Developments concerning Iran in the past day are a maelstrom of intrigue combined with some genuinely positive signals.
Ayatollah Khamenei gave a fire-breathing Friday sermon denouncing Iran’s political reformists and practically promising them temporal and heavenly damnation. Clearly, he was setting the stage for a further ratcheting up of pressure on the liberal camp, which would take the confrontation between the latter and the regime loyalists into ever more dangerous territory.
Ayatollah Rafsanjani reported that an arrest warrant has been issued for Mehdi Karroubi, the second most popular reformist presidential candidate. Khamenei’s denunciation was meant as a last chance for the opposition to back down or face the clanging doors of jail cells and whatever hell awaits them there. Karroubi, for his part, had already answered the Ayatollah in a statement made a few days ago saying he was even more convinced than when he started his campaign of the rightness of the cause.
The hardliners are doling out the pressure gradually. The next stage would involve arresting Moussavi, the leading presidential reformist candidate, then Khatami, the former president, and finally Rafsanjani. One wonders whether they’re prepared to follow the logic of their actions all the way to the end, and whether Iranian will countenance such overt crushing of what little democracy there is left in the country.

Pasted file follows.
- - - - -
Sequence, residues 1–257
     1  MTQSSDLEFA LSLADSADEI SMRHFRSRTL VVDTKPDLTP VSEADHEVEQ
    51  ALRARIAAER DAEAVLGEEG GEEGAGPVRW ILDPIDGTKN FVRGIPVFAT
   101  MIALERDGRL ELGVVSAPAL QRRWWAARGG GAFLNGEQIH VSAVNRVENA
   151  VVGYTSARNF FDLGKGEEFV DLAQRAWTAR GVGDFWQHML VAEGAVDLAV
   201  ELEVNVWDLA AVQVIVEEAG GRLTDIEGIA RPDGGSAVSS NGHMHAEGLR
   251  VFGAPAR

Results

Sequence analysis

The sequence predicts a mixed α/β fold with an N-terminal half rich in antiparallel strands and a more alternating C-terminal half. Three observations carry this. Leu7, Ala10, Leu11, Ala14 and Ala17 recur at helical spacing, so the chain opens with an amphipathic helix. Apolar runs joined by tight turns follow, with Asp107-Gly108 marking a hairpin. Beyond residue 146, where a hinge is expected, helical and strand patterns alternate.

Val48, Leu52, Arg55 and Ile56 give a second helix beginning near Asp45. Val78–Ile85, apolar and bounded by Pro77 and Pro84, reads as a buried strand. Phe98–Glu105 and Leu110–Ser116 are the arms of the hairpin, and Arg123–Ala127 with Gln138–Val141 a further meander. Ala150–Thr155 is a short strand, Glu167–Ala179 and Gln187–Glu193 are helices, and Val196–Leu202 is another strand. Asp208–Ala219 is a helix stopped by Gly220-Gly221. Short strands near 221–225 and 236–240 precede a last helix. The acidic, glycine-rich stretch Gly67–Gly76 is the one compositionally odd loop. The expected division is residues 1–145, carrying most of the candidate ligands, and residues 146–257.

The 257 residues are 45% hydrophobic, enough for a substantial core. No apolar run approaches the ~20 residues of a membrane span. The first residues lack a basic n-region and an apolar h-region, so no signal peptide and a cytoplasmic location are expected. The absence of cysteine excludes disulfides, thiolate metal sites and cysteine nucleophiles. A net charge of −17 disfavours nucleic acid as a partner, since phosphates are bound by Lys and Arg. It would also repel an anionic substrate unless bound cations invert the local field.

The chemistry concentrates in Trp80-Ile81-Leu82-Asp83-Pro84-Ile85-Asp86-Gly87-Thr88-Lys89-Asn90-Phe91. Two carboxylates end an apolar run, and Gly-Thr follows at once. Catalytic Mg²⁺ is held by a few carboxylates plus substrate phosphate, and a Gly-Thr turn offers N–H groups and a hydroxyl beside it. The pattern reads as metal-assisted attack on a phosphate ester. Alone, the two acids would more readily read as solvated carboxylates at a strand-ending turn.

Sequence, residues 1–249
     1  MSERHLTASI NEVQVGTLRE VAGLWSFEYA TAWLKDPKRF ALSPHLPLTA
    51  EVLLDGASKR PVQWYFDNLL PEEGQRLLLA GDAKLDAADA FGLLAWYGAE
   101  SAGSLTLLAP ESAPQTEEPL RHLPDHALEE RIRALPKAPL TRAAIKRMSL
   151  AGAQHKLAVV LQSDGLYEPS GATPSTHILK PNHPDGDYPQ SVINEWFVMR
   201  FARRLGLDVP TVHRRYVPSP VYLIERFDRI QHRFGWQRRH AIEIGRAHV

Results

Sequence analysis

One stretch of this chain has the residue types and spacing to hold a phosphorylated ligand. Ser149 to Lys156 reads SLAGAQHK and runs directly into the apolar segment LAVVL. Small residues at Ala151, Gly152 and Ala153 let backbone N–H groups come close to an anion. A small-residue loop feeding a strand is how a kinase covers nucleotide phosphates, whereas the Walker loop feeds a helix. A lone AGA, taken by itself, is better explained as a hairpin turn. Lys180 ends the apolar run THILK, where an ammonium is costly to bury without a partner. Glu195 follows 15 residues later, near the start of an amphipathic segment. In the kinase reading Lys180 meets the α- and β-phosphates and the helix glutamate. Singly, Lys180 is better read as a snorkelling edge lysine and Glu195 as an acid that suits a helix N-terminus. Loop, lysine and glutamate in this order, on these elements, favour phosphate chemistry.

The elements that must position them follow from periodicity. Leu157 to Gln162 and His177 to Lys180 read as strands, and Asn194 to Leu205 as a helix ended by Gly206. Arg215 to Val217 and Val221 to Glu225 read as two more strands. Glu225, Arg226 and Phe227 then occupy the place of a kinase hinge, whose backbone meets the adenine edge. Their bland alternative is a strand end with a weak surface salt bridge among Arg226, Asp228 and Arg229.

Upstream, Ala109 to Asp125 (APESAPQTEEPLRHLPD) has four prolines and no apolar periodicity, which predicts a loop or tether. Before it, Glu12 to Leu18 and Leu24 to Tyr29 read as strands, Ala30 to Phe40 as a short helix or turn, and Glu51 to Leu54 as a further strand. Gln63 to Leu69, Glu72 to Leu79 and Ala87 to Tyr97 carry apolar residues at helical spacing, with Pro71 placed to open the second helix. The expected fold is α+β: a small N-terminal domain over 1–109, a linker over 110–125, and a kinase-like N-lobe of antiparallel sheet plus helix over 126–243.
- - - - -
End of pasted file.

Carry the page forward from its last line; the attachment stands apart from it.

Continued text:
So we are in for some fantastically tense times and a possible renewal of the violence which followed the June presidential election. The question will be whether the hardliners under Khamenei have the support lined up to finish off the opposition; or whether this support will crack and pragmatists will shift their support to the Moussavists.
It is hard to believe the same country also proposed that the U.S. join in a renewal of multi-party talks over issues dividing Iran from the rest of the world including nuclear weapons research. Pres. Obama today agreed to join such talks and to appoint a high level State Department representative to lead our delegation. It would be the first time in years that the U.S. and Iran met in unconditional talks and would fulfill a campaign promise Obama made which was widely ridiculed by the Republicans and neo-cons.
No doubt, the U.S. pursuit of these talks will be hectored by today’s Republicans as well. But one thing they should keep in mind (but undoubtedly won’t) is that there is much riding on these talks. This is not just grist for political posturing. We’re talking about looming military confrontation between Israel and Iran in which many lives may be lost. It is incumbent on all Americans of good will to give these talks a real chance. There will always be time if they don’t work to pursue harsher measures. But we are only given a few chances to get out of this mess without savagery and bloodshed. Playing politics at this juncture is cheap and tawdry and so Republican.